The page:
GOP Presidential Primary

Cain suspends campaign, vows to continue working from outside the race

A defiant Herman Cain maintained that various allegations of sexual impropriety plaguing him were untrue, but nonetheless suspended his presidential campaign Saturday.

Saying the “false and unproven accusations” have had a “tremendous painful price on my family,” Cain told supporters that he had little choice but to halt his run for the Republican presidential nomination.

“As of today, with a lot of prayer and soul searching, I am suspending my presidential campaign,” Cain said.

{mosads}While maintaining his innocence, Cain said multiple allegations of sexual misbehavior had cast a “cloud of doubt over me and this campaign and my family.”

He added that the allegations made it difficult to “continue to raise the necessary funds to be competitive.”

“We had to come to this conclusion,” he said.

Cain made the announcement in front of what was supposed to be his new campaign headquarters in Atlanta. After a number of supportive speeches from Cain supporters in front of an enthusiastic crowd, Cain appeared hand in hand with his wife, Gloria. Cain earlier in the week said he was heading home to discuss the recent allegations with his wife and to determine the future course of his campaign, but said Saturday the two were at peace with each other.

He also announced that he planned to endorse another GOP candidate “in the near future,” and within moments of his speech praise poured in from his former Republican competitors.

Former House Speaker Newt Gingrich, a fellow Georgian, tweeted praise for Cain.

“I am proud to know Herman Cain and consider him a friend and I know he will continue to be a powerful voice for years to come,” Gingrich said. “Herman Cain’s 999 plan got our country talking about the critical issue of tax reform and he elevated the dialogue of the primary.”

“Herman Cain provided an important voice to this process,” Rep. Michele Bachmann said in a statement. “His ideas and energy generated tremendous enthusiasm for the conservative movement at a time it was so desperately needed to restore confidence in our country.”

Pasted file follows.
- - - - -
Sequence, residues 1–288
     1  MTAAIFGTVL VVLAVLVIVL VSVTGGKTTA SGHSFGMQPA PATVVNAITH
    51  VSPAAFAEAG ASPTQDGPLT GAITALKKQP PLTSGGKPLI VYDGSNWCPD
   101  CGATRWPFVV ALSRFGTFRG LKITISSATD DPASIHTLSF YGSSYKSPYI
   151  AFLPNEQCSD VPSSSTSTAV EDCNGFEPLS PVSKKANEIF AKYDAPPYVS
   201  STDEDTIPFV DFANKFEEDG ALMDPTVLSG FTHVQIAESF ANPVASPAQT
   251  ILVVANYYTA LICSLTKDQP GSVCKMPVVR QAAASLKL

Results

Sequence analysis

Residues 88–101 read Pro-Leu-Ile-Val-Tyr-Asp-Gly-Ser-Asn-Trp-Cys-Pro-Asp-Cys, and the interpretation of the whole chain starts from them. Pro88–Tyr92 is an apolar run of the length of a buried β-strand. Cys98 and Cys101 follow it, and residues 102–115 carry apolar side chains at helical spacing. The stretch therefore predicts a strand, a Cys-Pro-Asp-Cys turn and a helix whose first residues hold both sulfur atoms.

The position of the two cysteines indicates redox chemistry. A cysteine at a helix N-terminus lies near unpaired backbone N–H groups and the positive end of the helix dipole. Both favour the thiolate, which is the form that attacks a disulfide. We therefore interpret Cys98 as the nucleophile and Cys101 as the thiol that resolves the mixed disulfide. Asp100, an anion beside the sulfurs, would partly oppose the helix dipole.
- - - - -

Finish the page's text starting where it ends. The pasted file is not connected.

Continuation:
From Texas Gov. Rick Perry: “I know this was a difficult decision for Herman Cain, his family and his supporters. He helped invigorate conservative voters and our nation with a discussion of major tax reform.”

And former Utah Gov. Jon Huntsman said, “Herman Cain offered a unique and valuable voice to the debate over how to reform our country’s uncompetitive tax code and turn around the economy.”

Cain, the former CEO of Godfather’s Pizza who has never held elected office, surged to the top of some polls in the fall as conservative voters searched for a Republican candidate other than former Massachusetts Gov. Mitt Romney.

But his climb hit a ceiling after multiple allegations emerged that he sexually harassed women, including two such claims that the National Restaurant Association paid to settle when he was ran the organization. A woman named Ginger White also came forward and claimed that she and Cain had had a 13-year extramarital affair, which Cain has denied.

However, the one-time long-shot GOP candidate maintained he would be continuing to push his ideas and philosophy in the public eye.

“The pundits would like for me shut up, drop out and go away,” he said. “I am not going to be silenced and I’m not going away!”

Rather, he said he wanted to continue to push his policy proposals, including his “9-9-9” tax reform plan, as an outsider. He used his suspension speech to promote a new website, The site currently consists of a single page inviting supporters to sign up to be notified when the full site goes live.

As he exited the race, Cain prided himself on making it so far, despite his unusual pedigree.

“Proving that we could do this is one of the greatest gifts that you and I could give to this country,” he said. “I am proof that a common man can lead this nation because I consider myself one of you, not one of the political elites.”

Erik Wasson contributed.

This story was last updated at 2:40 p.m.

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